Light touch: Predictive maintenance for electrical systems: Part 1

Build the right combination of predictive tools and technologies to proactively monitor your electrical systems.

By Sheila Kennedy, contributing editor

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The potentially catastrophic consequences of electrical system failures and hazards must be avoided at all costs. Regular predictive maintenance (PdM) on electrical systems lets maintenance teams detect and correct problems before they can shut down equipment or production lines or cause a safety incident.

Whether conducted in-house or outsourced to reliability specialists, PdM inspections – followed up with timely, precise repairs – can protect against electrical accidents and save companies millions of dollars by reducing unscheduled downtime, lowering equipment maintenance costs, and extending the useful life of machinery.

Is your electrical PdM program up to snuff? Here, check out some of the newest electrical PdM tools and applications as well as popular testing options and practical PdM recommendations from industry pros.

Effective tools and technologies

Wide-ranging options exist for online/energized and offline testing of electrical systems. Tom Bishop, senior technical support specialist at the Electrical Apparatus Service Association (EASA), notes that there's a wide scope of available inspection types with these common motor tests:

Offline tests for motors

  • Insulation resistance tests
  • Polarization index tests
  • Motor electrical circuit parameters evaluation (resistance, inductance and capacitance)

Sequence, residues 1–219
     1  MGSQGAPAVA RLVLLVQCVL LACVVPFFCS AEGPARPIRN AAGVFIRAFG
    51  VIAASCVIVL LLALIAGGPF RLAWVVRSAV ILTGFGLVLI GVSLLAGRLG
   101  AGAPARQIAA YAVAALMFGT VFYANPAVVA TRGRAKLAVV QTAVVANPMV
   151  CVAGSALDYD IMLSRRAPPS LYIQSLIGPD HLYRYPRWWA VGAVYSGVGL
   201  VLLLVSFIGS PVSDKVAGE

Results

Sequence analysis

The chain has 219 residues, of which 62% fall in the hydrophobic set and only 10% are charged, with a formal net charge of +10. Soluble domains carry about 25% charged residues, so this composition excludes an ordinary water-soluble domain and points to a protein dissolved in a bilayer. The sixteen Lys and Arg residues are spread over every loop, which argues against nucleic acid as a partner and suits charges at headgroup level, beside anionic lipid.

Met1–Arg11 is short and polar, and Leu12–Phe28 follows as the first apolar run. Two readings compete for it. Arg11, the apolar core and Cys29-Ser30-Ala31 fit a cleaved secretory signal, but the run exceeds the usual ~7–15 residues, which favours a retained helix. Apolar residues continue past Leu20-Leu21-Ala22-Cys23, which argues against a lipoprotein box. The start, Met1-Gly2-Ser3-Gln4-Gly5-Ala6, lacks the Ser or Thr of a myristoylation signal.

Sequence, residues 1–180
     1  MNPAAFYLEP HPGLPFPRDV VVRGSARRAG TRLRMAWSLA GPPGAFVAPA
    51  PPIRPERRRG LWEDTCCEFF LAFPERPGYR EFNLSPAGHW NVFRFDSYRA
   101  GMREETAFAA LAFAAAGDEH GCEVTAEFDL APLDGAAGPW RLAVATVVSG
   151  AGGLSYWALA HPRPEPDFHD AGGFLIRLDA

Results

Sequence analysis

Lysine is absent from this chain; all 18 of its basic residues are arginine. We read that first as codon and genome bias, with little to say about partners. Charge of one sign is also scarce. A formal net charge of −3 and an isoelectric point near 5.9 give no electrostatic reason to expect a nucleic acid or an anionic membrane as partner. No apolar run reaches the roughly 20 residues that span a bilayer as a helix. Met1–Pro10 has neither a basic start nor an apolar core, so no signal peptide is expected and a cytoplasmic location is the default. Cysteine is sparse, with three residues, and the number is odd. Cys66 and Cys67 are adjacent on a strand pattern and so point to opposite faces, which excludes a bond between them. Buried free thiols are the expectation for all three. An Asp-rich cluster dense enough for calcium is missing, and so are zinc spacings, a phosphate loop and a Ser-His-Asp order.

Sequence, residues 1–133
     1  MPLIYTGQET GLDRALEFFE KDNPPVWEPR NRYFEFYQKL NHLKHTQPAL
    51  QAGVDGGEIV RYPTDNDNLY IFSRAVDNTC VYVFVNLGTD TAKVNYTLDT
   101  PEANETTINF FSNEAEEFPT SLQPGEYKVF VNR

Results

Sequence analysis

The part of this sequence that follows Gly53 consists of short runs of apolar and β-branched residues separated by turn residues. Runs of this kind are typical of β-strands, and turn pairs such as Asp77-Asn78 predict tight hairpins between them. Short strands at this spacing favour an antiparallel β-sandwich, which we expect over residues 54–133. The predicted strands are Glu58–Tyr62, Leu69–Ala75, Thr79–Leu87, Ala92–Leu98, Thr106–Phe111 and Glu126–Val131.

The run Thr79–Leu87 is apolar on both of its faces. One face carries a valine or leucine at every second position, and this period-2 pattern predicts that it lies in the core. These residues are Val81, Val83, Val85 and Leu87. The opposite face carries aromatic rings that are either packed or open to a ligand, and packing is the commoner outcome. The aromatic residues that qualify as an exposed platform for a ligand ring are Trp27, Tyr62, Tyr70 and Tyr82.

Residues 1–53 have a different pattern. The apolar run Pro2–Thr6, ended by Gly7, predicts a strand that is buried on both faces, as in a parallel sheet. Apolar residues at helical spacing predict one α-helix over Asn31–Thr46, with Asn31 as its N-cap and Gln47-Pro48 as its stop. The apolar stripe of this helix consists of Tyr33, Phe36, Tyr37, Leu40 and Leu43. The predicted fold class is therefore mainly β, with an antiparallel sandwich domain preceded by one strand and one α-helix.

• Rotor influence tests to check for open rotor bars

Online tests for motors

  • Measuring line voltages and currents
  • Motor current signature analysis
  • Vibration analysis for electrically induced frequencies
  • Thermography
  • Ultrasonic inspection

Technology has come a long way in the past 30 years, remarks John Bernet, mechanical application and product specialist at Fluke Industrial Group. “There are now easy-to-use tools available for operators to screen components of electrical systems for potential problems," Bernet says. "Technicians can then troubleshoot the problem to find the specific fault and recommend a correction and then use the same screening tools to verify that the fault has been corrected and quickly get the machine back into service.”

The emergence of the internet of things (IoT) is extending the value of PdM. “By collecting data through connected maintenance technologies, personnel can better evaluate the asset’s utilization, environment, lifecycle and performance,” says Emanuel Kourounis, services business development manager at Schneider Electric. “This data also enables a more condition-based maintenance approach to help companies allocate limited resources in managing their op-ex and cap-ex budgets along with maximizing their general maintenance activities.”

Thermal imaging

One of the most effective PdM technologies for operating electrical systems is infrared (IR) thermography, says R. James Seffrin, director of the Infraspection Institute. “A thermal imager converts the normally invisible infrared radiation emitted by an object into a monochrome or multicolor image that is representative of the thermal patterns across the surface of the imaged object." Many thermal imagers also can provide temperatures of imaged objects, he notes.

Infrared inspections are conducted while the electrical system is energized and under load. Typical defects that may be found include loose/deteriorated connections, overloaded circuits, unbalanced loads, and defective equipment, Seffrin says.

Predictive IR technologies can be employed to mitigate the potential for human error in monitoring and maintaining assets, notes Schneider Electric’s Kourounis. “Asset-specific algorithms, thresholds, and rules can be used to detect thermal abnormalities in the performance of the monitored assets, which can then be further analyzed by industry experts to validate the findings and develop a list of recommended next steps,” he says.

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